Connecticut Water Company issued a public drinking water supply emergency for customers in Hebron after a well mysteriously lost half of its water.

About 200 customers in the Hebron Center and Country Manor areas could be affected by the loss of water, but the company has been working to get more water from a nearby source.

"For us to lose capacity, to a degree of half, is really critical in our ability to provide service," said Craig Patla, of Connecticut Water, who added that it is a mystery as to what caused this.

On Friday, the company said it noticed a significant decline in the supply of water from the area’s largest well.

"Wells, they’re physical things, and they can go bad, but usually this a gradual thing," Patla said.

The drinking water supply emergency is only for the customers of the Hebron Center and Mill at Stonecroft water systems. No other Connecticut Water systems are affected, officials said.

For those potentially impacted by this probably haven't noticed anything different, because trucks holding 5,000 gallons of water were brought in to replenish the sudden loss.

The last delivery has been made because a more permanent fix was completed.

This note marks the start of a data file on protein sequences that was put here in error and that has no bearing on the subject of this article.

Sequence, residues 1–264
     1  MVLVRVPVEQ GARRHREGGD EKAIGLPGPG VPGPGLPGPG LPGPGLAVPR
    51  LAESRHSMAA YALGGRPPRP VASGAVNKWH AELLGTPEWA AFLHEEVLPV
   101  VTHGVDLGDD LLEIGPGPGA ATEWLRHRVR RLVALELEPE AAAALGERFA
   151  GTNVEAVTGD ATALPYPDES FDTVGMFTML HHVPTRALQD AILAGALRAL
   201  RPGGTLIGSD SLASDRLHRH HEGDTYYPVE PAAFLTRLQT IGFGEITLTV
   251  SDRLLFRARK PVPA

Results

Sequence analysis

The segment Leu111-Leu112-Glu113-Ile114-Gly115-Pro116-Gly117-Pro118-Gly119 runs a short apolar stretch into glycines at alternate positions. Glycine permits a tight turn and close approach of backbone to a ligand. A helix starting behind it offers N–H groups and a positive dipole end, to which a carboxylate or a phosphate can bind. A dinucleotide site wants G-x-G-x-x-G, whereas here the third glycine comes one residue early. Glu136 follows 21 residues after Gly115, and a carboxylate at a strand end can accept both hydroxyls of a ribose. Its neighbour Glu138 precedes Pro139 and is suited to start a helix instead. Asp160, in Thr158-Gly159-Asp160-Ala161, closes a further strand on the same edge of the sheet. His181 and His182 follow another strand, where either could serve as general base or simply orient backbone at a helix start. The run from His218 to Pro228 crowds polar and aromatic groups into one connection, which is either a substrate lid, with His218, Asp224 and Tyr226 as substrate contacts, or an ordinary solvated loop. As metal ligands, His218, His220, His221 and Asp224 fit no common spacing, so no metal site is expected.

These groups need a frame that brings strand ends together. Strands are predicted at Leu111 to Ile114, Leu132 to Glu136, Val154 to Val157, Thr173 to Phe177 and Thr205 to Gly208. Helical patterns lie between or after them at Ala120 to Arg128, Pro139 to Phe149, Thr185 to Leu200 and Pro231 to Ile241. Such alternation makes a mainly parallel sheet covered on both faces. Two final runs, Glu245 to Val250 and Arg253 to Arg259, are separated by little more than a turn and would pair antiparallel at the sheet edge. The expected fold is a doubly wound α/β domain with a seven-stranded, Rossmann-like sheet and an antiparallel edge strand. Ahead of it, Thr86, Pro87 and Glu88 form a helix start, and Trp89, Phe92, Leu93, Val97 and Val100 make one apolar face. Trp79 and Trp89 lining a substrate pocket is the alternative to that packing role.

Connecticut Water said service has not been interrupted and it shouldn’t. But if something were to happen, the impact zone is the Hebron center, which includes several restaurants, and the high and middle schools.

The Dept. of Public Health has asked Connecticut Water to enforce a mandatory ban on outdoor water use for consumers who use these systems affected.

"Customers will receive direct communication asking for their cooperation during this time of mandatory conservation restrictions," officials said.

Ryan Hallin, owner of Hebron Car Wash, is the town’s number two water user and because there’s a request for water conservation, he’s forced to go to his costly backup plan, which purifies then recycles the car wash water.

“We’re going to try to cut back 30-50 percent of the water usage for the next month or so,” he said.

While officials look for a cause, residents and businesses continue to be in conservation mode.

As each day passes, it’ll be affecting Hallin’s bottom line. He says the electricity costs twice as much as water does.

While the team from Connecticut Water investigate why this happened, residents in this area won’t see changes to their service but are being asked to conserve.

Officials say it’s no different than a drought situation.

Any water that is coming into homes and businesses in these areas is safe to drink.

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